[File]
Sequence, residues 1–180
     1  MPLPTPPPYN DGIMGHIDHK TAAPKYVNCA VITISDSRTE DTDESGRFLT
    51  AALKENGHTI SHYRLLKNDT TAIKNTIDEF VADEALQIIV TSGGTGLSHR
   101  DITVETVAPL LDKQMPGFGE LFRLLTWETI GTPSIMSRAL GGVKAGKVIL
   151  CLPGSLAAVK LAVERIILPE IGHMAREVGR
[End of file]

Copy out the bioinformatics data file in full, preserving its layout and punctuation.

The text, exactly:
Sequence, residues 1–180
     1  MPLPTPPPYN DGIMGHIDHK TAAPKYVNCA VITISDSRTE DTDESGRFLT
    51  AALKENGHTI SHYRLLKNDT TAIKNTIDEF VADEALQIIV TSGGTGLSHR
   101  DITVETVAPL LDKQMPGFGE LFRLLTWETI GTPSIMSRAL GGVKAGKVIL
   151  CLPGSLAAVK LAVERIILPE IGHMAREVGR